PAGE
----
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Dr. Ponder’s Journal #14: Land snails and geckos rediscovered

Dr. Julia Ponder, executive director of the University of Minnesota Raptor Center, is traveling to the Galápagos Islands to support efforts to restore an endangered Giant Tortoise population. In this series of journal entries originally posted on The Raptor Center’s blog, Dr. Ponder will share her experiences over the course of two months. For background on her trip, click here to read or here to watch a video, and be sure to check back in to Health Talk to follow the project!

GeckoI wanted to share a couple of other stories with you. It is worth noting that in addition to the current work on Pinzon, the team in Galapagos also did follow-up work on the islands that underwent rodent eradication in January 2011. The results of that work were quite exciting. In addition to confirming that the rodents are gone, members of the monitoring team also documented the presence of two species – a land snail and a gecko – that were previously thought to be extinct. Both of these species, which have been looked for in the past, were found this year on the island of Rabida; presumably their populations are growing thanks to the removal of rodent predation …

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Dr. Ponder’s Journal #13: Feeding, cleaning and photo opps

Dr. Julia Ponder, executive director of the University of Minnesota Raptor Center, is traveling to the Galápagos Islands to support efforts to restore an endangered Giant Tortoise population. In this series of journal entries originally posted on The Raptor Center’s blog, Dr. Ponder will share her experiences over the course of two months. For background on her trip, click here to read or here to watch a video, and be sure to check back in to Health Talk to follow the project!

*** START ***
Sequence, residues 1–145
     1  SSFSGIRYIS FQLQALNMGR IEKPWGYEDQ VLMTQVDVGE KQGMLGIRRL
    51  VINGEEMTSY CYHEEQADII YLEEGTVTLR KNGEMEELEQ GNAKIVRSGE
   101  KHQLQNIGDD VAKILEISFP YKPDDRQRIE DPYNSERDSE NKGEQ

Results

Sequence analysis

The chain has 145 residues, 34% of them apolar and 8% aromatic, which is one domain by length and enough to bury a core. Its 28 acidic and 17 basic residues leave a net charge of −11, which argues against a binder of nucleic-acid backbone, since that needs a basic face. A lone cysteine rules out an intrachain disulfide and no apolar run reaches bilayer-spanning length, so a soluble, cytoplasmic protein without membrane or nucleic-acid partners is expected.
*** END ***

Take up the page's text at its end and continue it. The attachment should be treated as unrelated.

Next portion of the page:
Dr. Ponder is back, but The Raptor Center Education Program Manager Gail Buhl is still on Pinzón. She sent some pictures recently, and Dr. Ponder wrote some notes to accompany them …

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Dr. Ponder’s Journal #12: The target zone

It is sea lion pupping season on Pinzon and a succession of new pups on the rocks have been seen every few days.

Dr. Julia Ponder, executive director of the University of Minnesota Raptor Center, is traveling to the Galápagos Islands to support efforts to restore an endangered Giant Tortoise population. In this series of journal entries originally posted on The Raptor Center’s blog, Dr. Ponder will share her experiences over the course of two months. For background on her trip, click here to read or here to watch a video, and be sure to check back in to Health Talk to follow the project!

Recently we had a big cleaning day. Gail Buhl arrived to assist here (and take over when I have to leave), so this was her first big introduction – to the birds themselves and to the workload of caring for 60 of them. There is a lot of scrubbing to keep enclosures clean and the hawks are amazingly tolerant of our working within their rooms. The juveniles are especially curious and tend to hop right over to watch. One danger of cleaning in their target zone is becoming a target (of being pooped on), which happened to me as I was leaning over and scrubbing. While both Gail and I had a good laugh at that, the next hit was even better. A young bird that was sitting on a perch watching Gail scrub a wall, carefully turned around before letting go, then looked over its shoulder as if checking to be sure he hit the target. He did.